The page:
Difficulties may arise when dealing with these violations of privacy. One such approach is to reduce the number of personal images or videos shared on the Internet by restricting publishing only to private accounts and to keep updated on deepfake news. While this option may solve most problems caused by deepfake content, this solution may not be ideal for public figures such as celebrities and politicians as their occupation relies on their personal brand. A more appropriate method would be to impose legal liability over the wrongdoers instead. Given the nature of deepfake content, issues in relation to legal practice may arise. For example, it would be difficult to identify the wrongdoer because multiple parties may be involved: the person who created the deepfake, or the person who uploaded the content online. Establishing who the actual wrongdoer was would be a big obstacle for parties who wish to impose legal liability.3

Assuming a wrongdoer has been established, the next major problem would be how the party can enforce their rights against them. Many jurisdictions around the world do not have laws pertaining specifically to deepfakes, so parties would have to find other ways to enforce their rights. One such possible way would be through intellectual property laws. Specifically, parties may be able to rely on copyright law by claiming infringement on the modifications made to the original content. Meanwhile, public figures may also rely on publicity rights since their physical appearance has been misappropriated and likely commercially used, depending on where the deepfake content is uploaded to.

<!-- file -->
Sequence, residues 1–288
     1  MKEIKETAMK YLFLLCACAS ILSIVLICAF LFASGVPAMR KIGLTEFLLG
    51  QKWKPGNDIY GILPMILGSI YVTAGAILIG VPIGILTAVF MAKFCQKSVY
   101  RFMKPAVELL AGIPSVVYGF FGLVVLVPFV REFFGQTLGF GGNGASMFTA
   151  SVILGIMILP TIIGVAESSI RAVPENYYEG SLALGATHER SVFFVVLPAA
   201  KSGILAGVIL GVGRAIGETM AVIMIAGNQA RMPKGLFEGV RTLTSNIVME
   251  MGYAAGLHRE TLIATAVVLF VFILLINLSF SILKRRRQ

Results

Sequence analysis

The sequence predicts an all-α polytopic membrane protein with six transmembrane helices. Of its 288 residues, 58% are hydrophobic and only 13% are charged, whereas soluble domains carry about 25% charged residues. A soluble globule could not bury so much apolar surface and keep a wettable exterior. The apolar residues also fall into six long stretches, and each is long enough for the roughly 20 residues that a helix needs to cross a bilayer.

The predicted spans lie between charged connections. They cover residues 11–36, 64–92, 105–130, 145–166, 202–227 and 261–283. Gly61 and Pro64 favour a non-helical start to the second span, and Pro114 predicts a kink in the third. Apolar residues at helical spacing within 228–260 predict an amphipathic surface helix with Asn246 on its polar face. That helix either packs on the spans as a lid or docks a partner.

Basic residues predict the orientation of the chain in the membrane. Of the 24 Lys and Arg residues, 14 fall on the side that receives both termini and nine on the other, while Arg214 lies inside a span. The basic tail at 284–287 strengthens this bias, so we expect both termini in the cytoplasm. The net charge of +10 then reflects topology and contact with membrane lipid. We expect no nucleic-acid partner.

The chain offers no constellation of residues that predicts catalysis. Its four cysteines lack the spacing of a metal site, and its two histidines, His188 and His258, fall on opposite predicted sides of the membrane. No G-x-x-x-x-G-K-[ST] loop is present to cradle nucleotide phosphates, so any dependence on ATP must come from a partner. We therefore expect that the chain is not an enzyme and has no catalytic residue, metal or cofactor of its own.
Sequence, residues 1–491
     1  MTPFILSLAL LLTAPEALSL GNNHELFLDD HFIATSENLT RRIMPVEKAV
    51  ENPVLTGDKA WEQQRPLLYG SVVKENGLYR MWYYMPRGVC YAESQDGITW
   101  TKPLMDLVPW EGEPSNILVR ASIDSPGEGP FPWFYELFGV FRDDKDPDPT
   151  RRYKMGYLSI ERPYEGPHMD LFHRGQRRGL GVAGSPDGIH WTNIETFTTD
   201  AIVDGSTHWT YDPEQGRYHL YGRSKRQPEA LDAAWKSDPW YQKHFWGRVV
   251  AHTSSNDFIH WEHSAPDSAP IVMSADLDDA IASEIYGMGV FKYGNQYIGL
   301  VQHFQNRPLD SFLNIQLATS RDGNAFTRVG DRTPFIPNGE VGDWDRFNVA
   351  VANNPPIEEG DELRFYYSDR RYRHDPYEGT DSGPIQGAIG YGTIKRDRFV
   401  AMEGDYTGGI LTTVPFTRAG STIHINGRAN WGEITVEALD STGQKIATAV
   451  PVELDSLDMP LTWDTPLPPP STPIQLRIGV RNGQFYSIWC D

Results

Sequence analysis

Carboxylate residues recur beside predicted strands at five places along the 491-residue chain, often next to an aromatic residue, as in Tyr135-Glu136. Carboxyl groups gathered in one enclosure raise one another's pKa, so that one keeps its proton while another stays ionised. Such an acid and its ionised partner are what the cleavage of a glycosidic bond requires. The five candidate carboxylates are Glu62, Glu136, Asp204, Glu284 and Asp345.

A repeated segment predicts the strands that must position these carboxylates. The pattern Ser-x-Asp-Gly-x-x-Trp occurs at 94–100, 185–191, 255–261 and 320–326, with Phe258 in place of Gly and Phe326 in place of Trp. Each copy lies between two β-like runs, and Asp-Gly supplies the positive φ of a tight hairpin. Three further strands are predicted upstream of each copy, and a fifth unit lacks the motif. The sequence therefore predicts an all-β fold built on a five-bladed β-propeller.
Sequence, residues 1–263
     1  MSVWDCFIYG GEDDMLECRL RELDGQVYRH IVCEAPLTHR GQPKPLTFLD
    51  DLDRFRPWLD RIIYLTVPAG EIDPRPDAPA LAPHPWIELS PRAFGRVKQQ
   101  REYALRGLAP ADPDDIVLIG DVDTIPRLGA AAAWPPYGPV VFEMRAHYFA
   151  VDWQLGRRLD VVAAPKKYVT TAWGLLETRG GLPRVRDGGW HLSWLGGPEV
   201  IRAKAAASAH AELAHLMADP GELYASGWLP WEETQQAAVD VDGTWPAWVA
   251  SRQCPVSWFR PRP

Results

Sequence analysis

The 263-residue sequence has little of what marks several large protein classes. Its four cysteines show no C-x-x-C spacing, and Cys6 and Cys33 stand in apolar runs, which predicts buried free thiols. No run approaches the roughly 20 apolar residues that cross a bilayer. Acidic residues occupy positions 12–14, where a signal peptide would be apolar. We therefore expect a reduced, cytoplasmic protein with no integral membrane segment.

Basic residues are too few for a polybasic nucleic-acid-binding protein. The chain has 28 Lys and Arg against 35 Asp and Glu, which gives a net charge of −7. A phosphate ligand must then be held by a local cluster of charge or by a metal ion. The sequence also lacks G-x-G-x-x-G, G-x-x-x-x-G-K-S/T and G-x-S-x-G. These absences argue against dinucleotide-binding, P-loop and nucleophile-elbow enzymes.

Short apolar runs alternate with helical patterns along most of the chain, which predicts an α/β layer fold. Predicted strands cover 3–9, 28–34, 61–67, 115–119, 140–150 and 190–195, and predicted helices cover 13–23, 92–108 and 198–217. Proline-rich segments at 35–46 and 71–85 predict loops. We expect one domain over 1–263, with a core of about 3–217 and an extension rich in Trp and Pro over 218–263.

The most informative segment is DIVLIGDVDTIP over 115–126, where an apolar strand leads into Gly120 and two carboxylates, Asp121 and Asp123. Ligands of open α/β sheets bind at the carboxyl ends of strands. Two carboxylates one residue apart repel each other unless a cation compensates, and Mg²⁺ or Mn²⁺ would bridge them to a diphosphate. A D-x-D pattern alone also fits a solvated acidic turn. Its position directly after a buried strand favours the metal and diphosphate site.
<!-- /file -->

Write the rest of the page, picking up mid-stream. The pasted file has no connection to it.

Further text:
The use of deepfake technology is currently gaining traction due to its many useful applications in entertainment and education. Unfortunately, this technology has been exploited by users distorting the original image or video content for pornographic or deceptive purposes. This malicious use of deepfakes has also garnered widespread attention due to its wide-reaching consequences, which include violating personal privacy and inciting political discourse. While many jurisdictions do not have laws that exclusively address problems caused by deepfake content, intellectual property laws such as copyright and publicity rights may offer a temporary solution.


  3. Edvinas Meskys, Aidas Liaudanskas, Julija Kalpokiene, Paulius Jurcys, Regulating deepfakes: legal and ethical considerations, Journal of Intellectual Property Law & Practice, Volume 15, Issue 1, January 2020, Pages 24–31,
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Global Head of Dispute Resolution, Director of Rouse
+852 3412 4001
Global Head of Dispute Resolution, Director of Rouse
+852 3412 4001